As the world of football counts down to the reveal of the FIFA Women’s World Cup France 2019™ official emblem and slogan – in Paris on 19 September – we are interviewing major figures from the women’s game about the history, the present and the future of the Women’s World Cup.
Sara Doorsoun's path into the German women's national team was certainly a circuitous one. Although she represented her country at U-15, U-17 and U-19 youth level, she only made her senior debut on 3 March 2016 under Silvia Neid at the SheBelieves Cup. The 25-year-old has been a mainstay in the side since Steffi Jones took over as Germany head coach and she also featured at the UEFA Women's EURO.
"It was a big deal for me because I'd never been at an international tournament," the midfielder told FIFA.com. "It was great to be able to spend so much time with the team and to gain so much experience. That includes seeing the other teams you don't usually get to see."
Despite Germany's elimination in the quarter-finals, Doorsoun was keen to look to the positives.
"I'm not used to defeats like that at club level," she said. "It was the first time I'd ever lost like that. It's something you need to digest and learn how to deal with. Now a few weeks have passed since then and we'll bounce back."
That attitude will be required over the coming days as the next challenge is already around the corner, with Doorsoun and Germany about to start their qualifying campaign for the Women's World Cup in 2019. Jones' charges take their first step on the road to France against Slovenia on Saturday, followed by a fixture against Czech Republic three days later.
— DFB-Frauenfußball (@DFB_Frauen) September 5, 2017
Steffi Jones announces the squad for the Women's World Cup qualifiers against Slovenia and Czech Republic.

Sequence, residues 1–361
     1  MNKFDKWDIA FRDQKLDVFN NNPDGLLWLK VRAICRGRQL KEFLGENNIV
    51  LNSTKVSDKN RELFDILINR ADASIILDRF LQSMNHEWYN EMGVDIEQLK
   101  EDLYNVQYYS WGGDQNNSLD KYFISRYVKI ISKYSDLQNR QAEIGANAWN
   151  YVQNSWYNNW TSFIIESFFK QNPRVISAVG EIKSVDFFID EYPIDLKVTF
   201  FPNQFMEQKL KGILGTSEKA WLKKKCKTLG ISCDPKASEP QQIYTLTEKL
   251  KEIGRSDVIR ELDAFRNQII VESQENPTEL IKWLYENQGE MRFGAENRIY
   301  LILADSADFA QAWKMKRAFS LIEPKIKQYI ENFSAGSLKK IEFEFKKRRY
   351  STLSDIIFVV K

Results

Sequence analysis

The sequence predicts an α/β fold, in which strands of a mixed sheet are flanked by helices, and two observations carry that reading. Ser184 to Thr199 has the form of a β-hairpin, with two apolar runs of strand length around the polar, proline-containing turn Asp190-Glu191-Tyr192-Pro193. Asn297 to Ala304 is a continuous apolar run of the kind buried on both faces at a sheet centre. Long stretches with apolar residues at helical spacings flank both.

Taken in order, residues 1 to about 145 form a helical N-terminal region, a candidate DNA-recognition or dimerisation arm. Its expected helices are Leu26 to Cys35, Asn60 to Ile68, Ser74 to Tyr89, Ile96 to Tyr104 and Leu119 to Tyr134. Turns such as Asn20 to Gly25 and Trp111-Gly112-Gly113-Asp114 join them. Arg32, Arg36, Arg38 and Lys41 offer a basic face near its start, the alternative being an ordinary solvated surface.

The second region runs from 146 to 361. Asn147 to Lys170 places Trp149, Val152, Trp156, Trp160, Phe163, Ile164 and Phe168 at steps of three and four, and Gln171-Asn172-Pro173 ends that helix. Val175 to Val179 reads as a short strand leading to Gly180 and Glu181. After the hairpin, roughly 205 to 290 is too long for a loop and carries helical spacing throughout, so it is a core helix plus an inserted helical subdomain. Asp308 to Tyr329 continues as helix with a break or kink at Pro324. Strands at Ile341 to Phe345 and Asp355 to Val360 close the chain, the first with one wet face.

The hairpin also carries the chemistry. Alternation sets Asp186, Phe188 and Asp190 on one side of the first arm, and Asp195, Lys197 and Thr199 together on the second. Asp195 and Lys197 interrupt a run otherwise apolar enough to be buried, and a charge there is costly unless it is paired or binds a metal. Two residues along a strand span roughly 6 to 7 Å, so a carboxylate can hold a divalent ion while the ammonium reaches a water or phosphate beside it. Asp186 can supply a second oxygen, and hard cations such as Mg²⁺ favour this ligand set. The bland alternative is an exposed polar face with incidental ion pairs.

"The quality in the squad really is very good," said Doorsoun, who has an Iranian father and a Turkish mother. "During the European Championship we did a lot of things right and we'll build on that. We've analysed the things we didn't do so well and want to change them. I think we'll still be able to play a good role.
"Other teams have closed the gap and improved things. It's not as easy to score goals anymore but we still always try to come up with solutions. I think we're on the right track and if we can play consistently we'll still get our chances. You have to give 100 per cent in every game. We don't take any opponent lightly, regardless of who we're playing."
Alongside Slovenia and Czech Republic, Germany will meet Iceland and Faroe Islands in Women's World Cup qualifying. Only the group winners are assured of an automatic berth at France 2019, while the four best runners-up will go into a play-off to determine who will secure Europe's last ticket to the tournament. As two-time world champions and having played at every edition so far, Germany are clear favourites going into their campaign.
— DFB-Frauenfußball (@DFB_Frauen) September 18, 2016
The Cologne-born midfielder, whose dream is to play in the USA one day, would also relish participating at a Women's World Cup.
"It would be a recognition of my performances and my hard work and show that's it's no coincidence that I'm involved," Doorsoun said. "I really try to soak up everything I can here and just give my best. I've always said I'll see how far things go at the end. If I'm involved in two years' time it would be amazing."
Doorsoun also already has an idea of what the participating teams and fans can look forward to at the competition.
"They'll see that every team has developed and that things have improved in terms of athleticism and tactics," she concluded. "Women's football is constantly progressing and we'll play our part in that. I think it's getting increasingly attractive in general."